I had a request for my sourkraut recipe, so here goes.

I weigh out 5 pounds of cabbage, then shred them.  If the head is decently tight, this gadget works great– otherwise, chop finely with a knife.  Then, mix in 2 1/2 ounces of non-iodized salt.  Pack this all into 5 pint jars–yes, it will fit!  Fill the jars, then pack it down with your fingers and fill the jars again, then pack it down again, and fill again–the cabbage keeps wilting down and you can pack an incredible amount in.  You want to end up with the cabbage/juice mixture all the way to the top of the jar.  I cover with a piece of plastic wrap, or a plastic bag cut open, then put the lid on.  Warning–don’t use a good ring for it if you use Mason jars–it will rust!  Put in a darkish, coolish but not cold, place for six weeks.  Be sure to have something under the jars to absorb the juices that ooze out, because they will for the first week or so.  After six weeks (mark your calendar), open a jar and taste–should be good!  As long as you don’t open the jars, they will keep on the shelf, but as soon as you open a jar it must be kept in the fridge.  The children and I like to eat this for our salads in the winter at lunchtime.  Gayle doesn’t like it, so we eat it when he isn’t home.  It’s also delicious cooked with porkchops, of course, and Gayle likes it that way with mashed potatoes.  I like to eat it raw because of all the good-for-you enzymes and bacteria.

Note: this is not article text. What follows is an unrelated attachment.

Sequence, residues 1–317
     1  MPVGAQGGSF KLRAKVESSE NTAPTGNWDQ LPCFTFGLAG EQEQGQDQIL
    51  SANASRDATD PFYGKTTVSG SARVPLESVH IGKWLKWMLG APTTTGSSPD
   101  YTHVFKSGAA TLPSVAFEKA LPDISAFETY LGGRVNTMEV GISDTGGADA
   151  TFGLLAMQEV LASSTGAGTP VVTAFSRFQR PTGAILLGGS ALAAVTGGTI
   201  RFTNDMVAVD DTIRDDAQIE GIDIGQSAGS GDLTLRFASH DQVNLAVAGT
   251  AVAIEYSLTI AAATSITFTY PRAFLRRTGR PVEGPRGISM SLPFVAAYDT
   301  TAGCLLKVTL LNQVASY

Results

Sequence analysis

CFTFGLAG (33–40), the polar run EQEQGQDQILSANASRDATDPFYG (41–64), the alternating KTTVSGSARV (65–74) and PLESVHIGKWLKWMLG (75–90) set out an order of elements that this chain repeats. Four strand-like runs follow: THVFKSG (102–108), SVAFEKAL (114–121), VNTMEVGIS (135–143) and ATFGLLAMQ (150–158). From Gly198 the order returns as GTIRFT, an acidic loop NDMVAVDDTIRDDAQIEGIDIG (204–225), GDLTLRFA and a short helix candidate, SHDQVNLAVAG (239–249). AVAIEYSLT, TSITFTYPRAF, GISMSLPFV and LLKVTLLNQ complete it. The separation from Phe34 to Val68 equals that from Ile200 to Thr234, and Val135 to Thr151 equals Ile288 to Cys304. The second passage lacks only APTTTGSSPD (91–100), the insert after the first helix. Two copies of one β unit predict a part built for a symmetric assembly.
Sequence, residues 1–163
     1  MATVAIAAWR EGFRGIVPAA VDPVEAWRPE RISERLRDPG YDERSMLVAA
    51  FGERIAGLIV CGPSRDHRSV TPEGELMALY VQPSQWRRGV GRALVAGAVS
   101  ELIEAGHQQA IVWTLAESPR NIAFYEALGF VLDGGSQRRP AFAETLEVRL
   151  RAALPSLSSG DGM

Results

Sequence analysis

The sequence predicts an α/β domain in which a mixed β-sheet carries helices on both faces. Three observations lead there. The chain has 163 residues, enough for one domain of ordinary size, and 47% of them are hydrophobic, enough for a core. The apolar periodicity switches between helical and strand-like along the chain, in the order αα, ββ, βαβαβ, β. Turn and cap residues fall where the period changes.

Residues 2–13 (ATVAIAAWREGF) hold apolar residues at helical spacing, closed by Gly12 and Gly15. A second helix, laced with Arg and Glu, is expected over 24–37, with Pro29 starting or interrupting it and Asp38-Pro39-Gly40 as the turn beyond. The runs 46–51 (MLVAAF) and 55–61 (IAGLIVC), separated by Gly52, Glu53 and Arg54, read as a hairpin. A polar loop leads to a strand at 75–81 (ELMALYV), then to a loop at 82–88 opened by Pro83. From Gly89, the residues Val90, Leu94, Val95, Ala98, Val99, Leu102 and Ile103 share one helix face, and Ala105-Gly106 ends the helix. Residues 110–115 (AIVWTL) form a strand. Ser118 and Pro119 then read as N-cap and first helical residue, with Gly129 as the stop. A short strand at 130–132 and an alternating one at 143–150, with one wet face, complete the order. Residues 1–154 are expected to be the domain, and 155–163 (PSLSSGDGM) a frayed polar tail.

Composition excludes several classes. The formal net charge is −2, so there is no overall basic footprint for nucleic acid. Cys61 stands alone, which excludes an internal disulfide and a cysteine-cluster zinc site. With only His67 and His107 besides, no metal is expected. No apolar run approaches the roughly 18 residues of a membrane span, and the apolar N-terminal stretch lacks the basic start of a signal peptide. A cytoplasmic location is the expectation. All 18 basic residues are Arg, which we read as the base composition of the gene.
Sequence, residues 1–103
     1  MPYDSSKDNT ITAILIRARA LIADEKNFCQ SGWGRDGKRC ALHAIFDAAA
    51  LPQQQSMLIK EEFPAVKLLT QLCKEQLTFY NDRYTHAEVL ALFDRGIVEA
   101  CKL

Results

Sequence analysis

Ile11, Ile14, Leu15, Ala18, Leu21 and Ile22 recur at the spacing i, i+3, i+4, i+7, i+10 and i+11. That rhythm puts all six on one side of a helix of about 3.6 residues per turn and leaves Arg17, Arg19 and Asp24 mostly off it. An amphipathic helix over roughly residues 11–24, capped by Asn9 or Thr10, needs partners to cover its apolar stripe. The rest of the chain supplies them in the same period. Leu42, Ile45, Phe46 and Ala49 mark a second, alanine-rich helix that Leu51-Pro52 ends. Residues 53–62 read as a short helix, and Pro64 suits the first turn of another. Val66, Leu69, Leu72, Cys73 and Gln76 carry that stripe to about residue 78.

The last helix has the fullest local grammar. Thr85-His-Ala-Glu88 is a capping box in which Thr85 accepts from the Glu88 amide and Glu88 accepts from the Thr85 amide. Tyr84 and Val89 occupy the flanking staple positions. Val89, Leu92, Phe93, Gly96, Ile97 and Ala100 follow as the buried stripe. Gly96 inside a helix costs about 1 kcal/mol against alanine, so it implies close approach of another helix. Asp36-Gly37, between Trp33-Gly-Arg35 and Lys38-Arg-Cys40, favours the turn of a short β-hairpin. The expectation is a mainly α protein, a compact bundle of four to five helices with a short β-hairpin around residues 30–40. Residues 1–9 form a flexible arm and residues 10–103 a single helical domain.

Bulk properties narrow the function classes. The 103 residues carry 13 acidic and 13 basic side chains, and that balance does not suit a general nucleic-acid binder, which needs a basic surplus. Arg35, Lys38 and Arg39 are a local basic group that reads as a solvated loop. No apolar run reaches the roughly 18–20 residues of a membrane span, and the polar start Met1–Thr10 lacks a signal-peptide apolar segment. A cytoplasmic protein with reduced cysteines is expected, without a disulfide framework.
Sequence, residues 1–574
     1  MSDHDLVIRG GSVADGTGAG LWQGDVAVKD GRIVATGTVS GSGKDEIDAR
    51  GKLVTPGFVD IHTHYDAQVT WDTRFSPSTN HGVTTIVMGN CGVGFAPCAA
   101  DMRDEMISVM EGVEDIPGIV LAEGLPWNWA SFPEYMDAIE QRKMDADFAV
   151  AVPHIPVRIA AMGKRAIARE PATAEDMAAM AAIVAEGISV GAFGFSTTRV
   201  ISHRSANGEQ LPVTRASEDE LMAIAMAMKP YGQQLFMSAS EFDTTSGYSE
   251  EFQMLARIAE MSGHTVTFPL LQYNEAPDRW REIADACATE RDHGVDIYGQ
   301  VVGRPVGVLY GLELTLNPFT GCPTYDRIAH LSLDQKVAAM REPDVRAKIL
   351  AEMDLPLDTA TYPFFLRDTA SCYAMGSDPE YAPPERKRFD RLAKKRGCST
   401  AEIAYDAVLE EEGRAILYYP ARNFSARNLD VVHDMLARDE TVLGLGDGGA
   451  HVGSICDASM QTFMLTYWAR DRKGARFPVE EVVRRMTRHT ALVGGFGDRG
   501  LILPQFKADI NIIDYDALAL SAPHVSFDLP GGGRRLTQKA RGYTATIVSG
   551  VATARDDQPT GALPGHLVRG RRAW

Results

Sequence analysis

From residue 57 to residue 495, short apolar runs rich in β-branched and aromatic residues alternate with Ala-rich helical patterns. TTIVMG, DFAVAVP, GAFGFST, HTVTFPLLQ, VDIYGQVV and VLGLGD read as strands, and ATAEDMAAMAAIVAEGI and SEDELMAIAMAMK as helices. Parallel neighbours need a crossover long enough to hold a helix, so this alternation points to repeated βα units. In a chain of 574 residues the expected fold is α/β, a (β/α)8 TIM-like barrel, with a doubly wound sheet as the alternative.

I should mention–I end up using odd-sized jars for my kraut here, so I just measure out five pints of water and pour it into jars till I have the right combination.


About NZ Filbruns

A home-school family living in New Zealand, with a desire to share what Christ has done for us.
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4 Responses to Sourkraut

  1. Pingback: Mom says, “School Holiday Today!” | Lots of Helpers

  2. Rebecca says:

    Thank you for posting this!! Now I just need some cabbage so I can try it. 🙂

  3. Rebecca says:

    I tagged you in a meme on my blog–come over and check out the details so you can play along. 🙂

  4. Pingback: Making It From Scratch, From Eats to Feets | Frugal Hacks

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